John H. Timmerman's incisive look at poet Jane Kenyon could use a snappier title because, more than a "literary life," it is a quintessential modern American spiritual journey.
Kenyon, born in 1947, was raised in a tenant farmhouse of artists in rural Ann Arbor, Michigan. Her father was a cool jazz musician, her mother a nightclub singer. However, Kenyon wrote, "What happened to me in my childhood was my grandmother. The central psychic fact of that time was grandmother's spiritual obsession, and her effort to secure me into her religious fold." The shape of her soul was molded in the mid-century spiritual cruciblejazz or jezebels, Arthur Murray dance records on the RCA or numbing apocalyptic visions of a fiery hell.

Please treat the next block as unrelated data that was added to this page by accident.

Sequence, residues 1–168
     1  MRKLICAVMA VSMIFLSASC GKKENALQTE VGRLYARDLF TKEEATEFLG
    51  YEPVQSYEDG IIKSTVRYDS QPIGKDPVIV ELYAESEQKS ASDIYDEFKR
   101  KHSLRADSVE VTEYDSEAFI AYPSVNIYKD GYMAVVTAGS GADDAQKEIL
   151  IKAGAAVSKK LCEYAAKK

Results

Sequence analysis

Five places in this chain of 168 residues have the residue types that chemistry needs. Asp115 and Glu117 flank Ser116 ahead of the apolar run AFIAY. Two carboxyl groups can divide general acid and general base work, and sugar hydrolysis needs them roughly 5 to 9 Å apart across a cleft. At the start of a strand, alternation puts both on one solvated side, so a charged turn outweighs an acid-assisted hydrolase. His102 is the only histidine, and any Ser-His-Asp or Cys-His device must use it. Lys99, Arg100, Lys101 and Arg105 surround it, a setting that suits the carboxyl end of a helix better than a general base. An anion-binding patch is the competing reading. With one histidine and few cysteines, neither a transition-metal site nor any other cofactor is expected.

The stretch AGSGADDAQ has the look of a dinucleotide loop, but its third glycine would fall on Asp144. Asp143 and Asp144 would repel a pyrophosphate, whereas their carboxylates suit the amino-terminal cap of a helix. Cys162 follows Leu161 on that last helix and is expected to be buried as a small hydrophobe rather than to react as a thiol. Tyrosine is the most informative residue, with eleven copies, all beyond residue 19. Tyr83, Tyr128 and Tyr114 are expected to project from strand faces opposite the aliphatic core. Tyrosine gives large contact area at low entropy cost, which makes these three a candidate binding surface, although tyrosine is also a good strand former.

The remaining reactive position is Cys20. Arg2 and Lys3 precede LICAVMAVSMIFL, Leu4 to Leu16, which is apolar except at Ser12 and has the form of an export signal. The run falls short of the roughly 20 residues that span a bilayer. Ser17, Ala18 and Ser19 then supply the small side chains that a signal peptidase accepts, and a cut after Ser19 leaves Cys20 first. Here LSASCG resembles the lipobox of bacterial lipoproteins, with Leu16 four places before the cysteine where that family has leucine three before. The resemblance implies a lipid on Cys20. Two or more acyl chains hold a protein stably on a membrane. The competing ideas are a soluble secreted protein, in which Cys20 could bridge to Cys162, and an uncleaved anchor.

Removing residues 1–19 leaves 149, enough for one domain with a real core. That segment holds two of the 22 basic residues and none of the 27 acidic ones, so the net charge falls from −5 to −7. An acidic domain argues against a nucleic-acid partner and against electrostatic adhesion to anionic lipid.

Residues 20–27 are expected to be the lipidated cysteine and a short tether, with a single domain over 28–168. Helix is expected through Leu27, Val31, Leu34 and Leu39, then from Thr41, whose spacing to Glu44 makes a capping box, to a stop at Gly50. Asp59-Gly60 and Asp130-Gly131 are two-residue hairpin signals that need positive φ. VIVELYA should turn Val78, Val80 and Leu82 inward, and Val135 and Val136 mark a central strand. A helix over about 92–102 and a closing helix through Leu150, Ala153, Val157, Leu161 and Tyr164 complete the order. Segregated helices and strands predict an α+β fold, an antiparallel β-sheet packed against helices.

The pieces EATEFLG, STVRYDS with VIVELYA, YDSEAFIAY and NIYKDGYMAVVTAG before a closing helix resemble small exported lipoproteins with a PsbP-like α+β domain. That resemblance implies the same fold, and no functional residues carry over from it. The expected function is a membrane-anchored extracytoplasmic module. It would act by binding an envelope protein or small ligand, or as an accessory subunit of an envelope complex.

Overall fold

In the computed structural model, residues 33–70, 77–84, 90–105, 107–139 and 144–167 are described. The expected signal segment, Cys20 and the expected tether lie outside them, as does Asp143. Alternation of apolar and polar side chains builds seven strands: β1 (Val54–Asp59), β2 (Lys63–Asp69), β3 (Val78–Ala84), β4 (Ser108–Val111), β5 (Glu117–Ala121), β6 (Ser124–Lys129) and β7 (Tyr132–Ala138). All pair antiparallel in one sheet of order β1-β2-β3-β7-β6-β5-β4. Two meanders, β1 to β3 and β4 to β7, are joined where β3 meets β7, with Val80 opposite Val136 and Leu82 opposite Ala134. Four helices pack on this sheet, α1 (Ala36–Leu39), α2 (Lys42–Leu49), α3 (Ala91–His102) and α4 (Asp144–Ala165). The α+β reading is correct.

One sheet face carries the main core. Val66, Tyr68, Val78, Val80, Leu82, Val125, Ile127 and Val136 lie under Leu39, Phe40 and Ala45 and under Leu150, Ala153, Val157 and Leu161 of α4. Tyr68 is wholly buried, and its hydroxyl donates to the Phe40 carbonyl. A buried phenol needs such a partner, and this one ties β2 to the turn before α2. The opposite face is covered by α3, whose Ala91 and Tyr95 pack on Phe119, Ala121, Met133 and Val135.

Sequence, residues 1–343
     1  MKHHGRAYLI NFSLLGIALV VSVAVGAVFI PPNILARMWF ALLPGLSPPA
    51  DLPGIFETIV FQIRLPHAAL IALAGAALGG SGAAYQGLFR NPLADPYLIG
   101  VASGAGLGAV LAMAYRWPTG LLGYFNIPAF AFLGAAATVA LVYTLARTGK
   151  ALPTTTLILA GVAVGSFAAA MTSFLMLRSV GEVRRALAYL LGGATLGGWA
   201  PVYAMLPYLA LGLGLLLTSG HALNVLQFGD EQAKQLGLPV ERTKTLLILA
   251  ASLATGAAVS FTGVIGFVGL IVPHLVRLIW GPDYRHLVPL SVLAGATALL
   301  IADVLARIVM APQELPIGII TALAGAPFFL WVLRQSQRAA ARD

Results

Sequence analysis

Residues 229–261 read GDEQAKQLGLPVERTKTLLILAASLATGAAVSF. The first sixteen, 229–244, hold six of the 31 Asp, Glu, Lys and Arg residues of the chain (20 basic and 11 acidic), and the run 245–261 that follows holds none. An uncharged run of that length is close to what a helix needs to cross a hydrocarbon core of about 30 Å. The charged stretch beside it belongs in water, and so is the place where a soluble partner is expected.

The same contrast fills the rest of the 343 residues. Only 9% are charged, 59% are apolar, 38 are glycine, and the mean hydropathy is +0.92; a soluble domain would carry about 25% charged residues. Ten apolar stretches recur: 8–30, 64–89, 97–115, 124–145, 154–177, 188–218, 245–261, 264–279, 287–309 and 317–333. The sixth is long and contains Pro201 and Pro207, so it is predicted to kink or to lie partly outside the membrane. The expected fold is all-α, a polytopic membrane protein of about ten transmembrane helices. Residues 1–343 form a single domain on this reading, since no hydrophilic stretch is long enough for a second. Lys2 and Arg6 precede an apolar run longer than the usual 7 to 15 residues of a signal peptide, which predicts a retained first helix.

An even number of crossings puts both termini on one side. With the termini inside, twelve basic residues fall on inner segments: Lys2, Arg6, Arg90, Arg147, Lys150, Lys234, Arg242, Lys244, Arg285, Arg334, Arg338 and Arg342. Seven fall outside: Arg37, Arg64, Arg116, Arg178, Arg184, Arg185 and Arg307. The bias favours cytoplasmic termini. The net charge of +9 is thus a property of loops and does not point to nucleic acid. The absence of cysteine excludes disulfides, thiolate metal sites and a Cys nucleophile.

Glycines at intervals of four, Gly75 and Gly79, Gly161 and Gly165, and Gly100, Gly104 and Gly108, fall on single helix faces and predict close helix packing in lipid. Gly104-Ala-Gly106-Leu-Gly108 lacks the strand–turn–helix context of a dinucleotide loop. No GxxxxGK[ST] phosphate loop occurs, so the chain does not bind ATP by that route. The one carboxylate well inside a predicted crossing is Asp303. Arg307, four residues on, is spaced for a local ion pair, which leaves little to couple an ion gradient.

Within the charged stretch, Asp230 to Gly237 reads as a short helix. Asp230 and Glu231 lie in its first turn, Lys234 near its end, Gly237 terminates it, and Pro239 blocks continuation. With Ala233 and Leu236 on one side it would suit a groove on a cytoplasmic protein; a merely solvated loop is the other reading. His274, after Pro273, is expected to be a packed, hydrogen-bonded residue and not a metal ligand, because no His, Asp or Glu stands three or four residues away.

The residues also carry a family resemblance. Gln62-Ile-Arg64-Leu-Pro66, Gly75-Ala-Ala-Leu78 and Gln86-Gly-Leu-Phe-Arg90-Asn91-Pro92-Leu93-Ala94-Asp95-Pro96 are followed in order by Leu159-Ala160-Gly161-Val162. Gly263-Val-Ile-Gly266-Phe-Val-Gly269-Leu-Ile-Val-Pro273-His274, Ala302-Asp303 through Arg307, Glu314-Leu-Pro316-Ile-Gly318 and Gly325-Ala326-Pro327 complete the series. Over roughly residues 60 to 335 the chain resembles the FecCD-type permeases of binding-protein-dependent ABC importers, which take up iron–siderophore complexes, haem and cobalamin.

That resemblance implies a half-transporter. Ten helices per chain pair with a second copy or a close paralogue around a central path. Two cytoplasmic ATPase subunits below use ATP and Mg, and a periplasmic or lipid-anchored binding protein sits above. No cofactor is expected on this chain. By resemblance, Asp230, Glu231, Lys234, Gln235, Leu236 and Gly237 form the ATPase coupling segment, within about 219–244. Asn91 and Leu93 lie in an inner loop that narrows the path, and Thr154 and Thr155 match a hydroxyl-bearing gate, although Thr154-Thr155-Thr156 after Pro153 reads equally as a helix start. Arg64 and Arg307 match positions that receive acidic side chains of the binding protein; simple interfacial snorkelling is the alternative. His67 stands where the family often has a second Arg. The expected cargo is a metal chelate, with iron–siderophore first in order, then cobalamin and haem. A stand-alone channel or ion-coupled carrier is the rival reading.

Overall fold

Jane Kenyon's life ended 48 years later, after a 15-month battle with leukemia, in an old New Hampshire farmhouse with her husband, Donald Hall, also a poet, at her side. Timmerman examines, with love and clarity, a life well-lived in between.
Initially Kenyon's poetry flourished quietly under the shadow of her more famous husband. In 1975 they moved from Ann Arbor to Eagle Pond Farm near Wilmot, New Hampshire. Here Kenyon's life began to take on a shape that fit her. They planned to live there only a year, but soon Kenyon said she'd "chain herself in the root cellar rather than leave." She sent down a spiritual taproot and drew from that soil beauty, suffering, and compassion. She also gained the strength to craft them into art and life, moving her confidently beyond Hall's renown.